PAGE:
TAM Docents: In the Galleries: Tangents can be relevant
Perhaps some of the information below will help some of you with your upcoming presentations but I think we can all benefit from a bit more knowledge about our Biennial artists. Thanks once again to Ellen Ito for helping to enlighten us.
Volunteer Programs Coordinator
From: Google Documents [mailto:email@example.com] On Behalf Of firstname.lastname@example.org
Sent: Thursday, February 12, 2009 10:53 AM
To: Ellen Ito
Subject: In the Galleries
Let there be light!
Tannaz Farsi's fluorescent tubes have brought to mind other artists who utilize light as a medium. I am hoping some visitor will want to discuss the work as it might relate to that of the awesome Dan Flavin:
the diagonal of May 25, 1963 (to Constantin Brancusi), 1963
yellow fluorescent light
8 ft. (244 cm) long on the diagonal
the nominal three (to William of Ockham), 1963
cool white fluorescent light
8 ft. (244 cm) high
While I was gathering up these images I learned that Dan Flavin's employment history included being a mailroom clerk at the Guggenheim Museum and also stints as a guard at the Museum of Modern Art and the American Museum of Natural History.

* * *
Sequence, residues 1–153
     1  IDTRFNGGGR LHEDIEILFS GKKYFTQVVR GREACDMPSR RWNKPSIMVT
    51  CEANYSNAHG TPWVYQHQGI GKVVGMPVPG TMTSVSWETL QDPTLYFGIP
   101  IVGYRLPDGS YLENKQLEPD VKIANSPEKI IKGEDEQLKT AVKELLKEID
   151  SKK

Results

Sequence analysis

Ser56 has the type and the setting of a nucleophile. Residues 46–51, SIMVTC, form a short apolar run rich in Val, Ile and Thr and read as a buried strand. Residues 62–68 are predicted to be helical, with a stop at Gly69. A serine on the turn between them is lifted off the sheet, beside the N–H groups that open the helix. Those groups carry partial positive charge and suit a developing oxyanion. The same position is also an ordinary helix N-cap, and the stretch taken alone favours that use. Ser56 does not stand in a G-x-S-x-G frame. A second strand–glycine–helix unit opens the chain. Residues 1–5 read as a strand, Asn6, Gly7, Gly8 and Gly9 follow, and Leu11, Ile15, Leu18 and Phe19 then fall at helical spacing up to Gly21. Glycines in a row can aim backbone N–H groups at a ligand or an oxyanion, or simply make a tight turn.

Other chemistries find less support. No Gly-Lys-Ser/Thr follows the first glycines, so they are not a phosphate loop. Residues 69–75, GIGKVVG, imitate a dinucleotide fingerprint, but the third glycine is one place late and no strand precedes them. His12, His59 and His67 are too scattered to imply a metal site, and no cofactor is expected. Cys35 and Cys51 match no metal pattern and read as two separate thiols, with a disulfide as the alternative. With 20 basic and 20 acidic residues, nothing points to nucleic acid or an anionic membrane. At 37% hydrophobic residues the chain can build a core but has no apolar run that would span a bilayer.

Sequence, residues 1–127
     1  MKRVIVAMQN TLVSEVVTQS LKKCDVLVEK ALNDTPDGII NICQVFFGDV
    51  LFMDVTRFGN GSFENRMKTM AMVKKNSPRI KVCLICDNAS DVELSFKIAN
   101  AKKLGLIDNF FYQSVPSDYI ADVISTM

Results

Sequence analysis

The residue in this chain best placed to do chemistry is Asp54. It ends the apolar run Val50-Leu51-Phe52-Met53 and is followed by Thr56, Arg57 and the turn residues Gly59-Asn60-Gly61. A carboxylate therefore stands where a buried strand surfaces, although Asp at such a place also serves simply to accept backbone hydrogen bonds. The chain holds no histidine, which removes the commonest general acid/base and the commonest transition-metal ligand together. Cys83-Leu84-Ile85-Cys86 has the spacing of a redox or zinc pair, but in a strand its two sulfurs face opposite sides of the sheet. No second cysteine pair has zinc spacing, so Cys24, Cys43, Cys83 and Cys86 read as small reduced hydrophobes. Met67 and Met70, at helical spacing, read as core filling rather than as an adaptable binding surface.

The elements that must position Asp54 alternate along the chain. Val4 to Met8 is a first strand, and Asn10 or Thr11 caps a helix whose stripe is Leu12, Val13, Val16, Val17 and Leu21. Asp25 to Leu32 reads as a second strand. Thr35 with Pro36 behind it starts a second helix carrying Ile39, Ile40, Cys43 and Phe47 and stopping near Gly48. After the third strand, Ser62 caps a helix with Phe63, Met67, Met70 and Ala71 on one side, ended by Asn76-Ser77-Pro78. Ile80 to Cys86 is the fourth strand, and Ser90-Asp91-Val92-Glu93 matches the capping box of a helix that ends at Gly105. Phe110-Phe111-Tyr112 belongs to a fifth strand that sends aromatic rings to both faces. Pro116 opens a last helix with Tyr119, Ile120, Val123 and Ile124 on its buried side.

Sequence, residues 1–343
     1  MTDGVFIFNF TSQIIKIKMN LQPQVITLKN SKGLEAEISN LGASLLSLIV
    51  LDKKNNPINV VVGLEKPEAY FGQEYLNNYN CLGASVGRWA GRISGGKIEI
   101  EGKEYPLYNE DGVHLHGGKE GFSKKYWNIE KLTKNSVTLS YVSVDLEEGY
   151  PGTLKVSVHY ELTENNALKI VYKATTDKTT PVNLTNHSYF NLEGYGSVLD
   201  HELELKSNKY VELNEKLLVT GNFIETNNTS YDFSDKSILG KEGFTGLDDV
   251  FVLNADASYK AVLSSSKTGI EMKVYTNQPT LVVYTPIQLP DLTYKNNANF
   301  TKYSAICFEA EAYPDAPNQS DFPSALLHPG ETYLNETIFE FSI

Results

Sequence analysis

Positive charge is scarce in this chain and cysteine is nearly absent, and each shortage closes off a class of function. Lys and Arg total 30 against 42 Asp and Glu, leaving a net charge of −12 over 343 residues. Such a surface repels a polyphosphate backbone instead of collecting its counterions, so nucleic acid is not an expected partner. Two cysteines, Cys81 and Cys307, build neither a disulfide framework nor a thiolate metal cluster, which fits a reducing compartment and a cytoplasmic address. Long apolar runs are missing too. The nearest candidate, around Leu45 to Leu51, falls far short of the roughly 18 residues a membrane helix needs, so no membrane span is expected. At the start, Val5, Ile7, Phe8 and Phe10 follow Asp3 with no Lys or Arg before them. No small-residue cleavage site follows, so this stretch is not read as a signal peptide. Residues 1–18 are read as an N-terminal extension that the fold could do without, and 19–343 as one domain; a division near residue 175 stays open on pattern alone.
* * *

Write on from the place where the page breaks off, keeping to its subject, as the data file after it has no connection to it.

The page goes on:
Find more here:http://www.nga.gov/exhibitions/2004/flavin/introduction/introduction.shtm
and here: http://www.diabeacon.org/ltproj/flavbrid/photo2.html
One of my favorite works from the previous NW Biennial were the ceramic Fu Dogs and Turtle Wedding by Seattle artist Jeffry Mitchell. What is he up two now, two years later? Still making great work- and he also participated in the audio tour that accompanied SAM's Fresh Impressionism exhibit last summer. Here's a great video where he talks a bit about his artistic process via a little spin through his studio:
One of my favorite artists in the current Biennial is Margie Livingston. She also has a video discussing her work here:
NW Biennial artist Rick Araluce:http://web.mac.com/rickaraluce/Site/Rick_Araluce.html is also employed as a set designer for the Seattle Opera. This made me think of some other artists who have created sets for operatic performances.
Judy Pfaff designed a set for an opera called Regina,(1959) by Marc Blitzstein, which is based upon the 1949 play The Little Foxes, written by Lillian Hellman.
Judy Pfaff,set for Regina,2005
David Hockney has a long history in stage design, particularly for operas and the dramatic theater. He designed the set for the Royal Court Theatres production of Alfred Jarrys play UBU ROI in 1966, and has done design work for the Metropolitan Opera in New York City as well as operas in Philadelphia and Los Angeles.
PBS' American Masters series aired a documentary about Hockney's theater work called The Colors of Music:
David Hockney 1987 set for the LA Opera production of Wagner's Tristan und Isolde
That's all this time,